Leading environmental organizations endorse new green recovery guidelines

OTTAWA – As the federal government works out its COVID-19 economic recovery, the International Institute for Sustainable Development (IISD) today released seven principles outlining a roadmap for meeting Canada’s 2050 climate commitments while spurring economic resilience and creating good jobs. Canada’s leading environmental groups, who represent close to two million people, have signed on to the new recommendations. Several of the groups, including the Pembina Institute, Climate Action Network Canada, David Suzuki Foundation, Environmental Defence, and Équiterre, met last week with key federal ministers to provide a more detailed path forward as Canada moves out of an emergency phase and into recovery.

“The federal government is spending billions on economic stimulus and has signalled that it is committed to a green recovery,” says Vanessa Corkal of IISD, lead author of the report. “This report shows the vital importance of strong climate action if we are to be effective in creating good jobs, a resilient economy and a healthy, fair society.”

Several organizations, including Climate Action Network Canada, Leadnow, and Greenpeace Canada, have started mobilizing their members and asking MPs to commit to the seven green recovery principles. Days of action and e-rallies will continue throughout the summer.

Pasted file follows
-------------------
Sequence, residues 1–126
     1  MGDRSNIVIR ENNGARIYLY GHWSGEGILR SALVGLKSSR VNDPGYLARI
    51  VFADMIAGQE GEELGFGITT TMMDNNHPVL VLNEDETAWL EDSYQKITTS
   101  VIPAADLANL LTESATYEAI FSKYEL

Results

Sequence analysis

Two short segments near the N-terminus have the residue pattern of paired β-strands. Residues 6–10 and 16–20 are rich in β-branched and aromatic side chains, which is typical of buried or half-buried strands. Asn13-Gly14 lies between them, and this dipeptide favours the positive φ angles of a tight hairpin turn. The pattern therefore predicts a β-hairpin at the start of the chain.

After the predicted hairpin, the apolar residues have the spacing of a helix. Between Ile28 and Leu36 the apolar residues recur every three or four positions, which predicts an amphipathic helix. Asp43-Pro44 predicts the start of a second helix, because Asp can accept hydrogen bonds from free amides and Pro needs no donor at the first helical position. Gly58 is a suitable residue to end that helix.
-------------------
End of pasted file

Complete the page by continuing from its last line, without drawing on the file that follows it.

“This spring, while over 400 organizations across Canada united to call for a transformational and just recovery from the COVID-19 pandemic, oil and gas companies were lobbying hard to take Canada backwards,” says Catherine Abreu of Climate Action Network Canada (CAN-Rac).

The report Green Strings: Principles and Conditions for a Green Recovery from COVID-19 gives policy-makers concrete steps to act on. These steps include adding conditions, or “green strings,” to funding given to industry, such as requiring concrete plans for net-zero emissions by 2050, with immediate action for reducing emissions in key high-carbon sectors. The report also recommends financial conditions—including prohibiting corporate stock buybacks and executive bonuses, and withholding support from companies using tax havens—coupled with strong transparency and accountability measures.

The authors of the report urge policy-makers working on recovery to take steps to increase equity. To truly build back better, the authors say, recovery must address societal inequities, which are magnified by COVID-19 and climate change.

“This report is a roadmap for ensuring the coherence of reconstruction projects with Canada’s environmental objectives,” says Caroline Brouillette of Équiterre. “We are optimistic about the possibility of integrating these principles into the government’s plans and policies.”

SOURCE International Institute for Sustainable Development

For further information or to arrange interviews: Vanessa Farquharson, Communications Manager, IISD, [email protected], +1 (613) 238 2296 ext. 114

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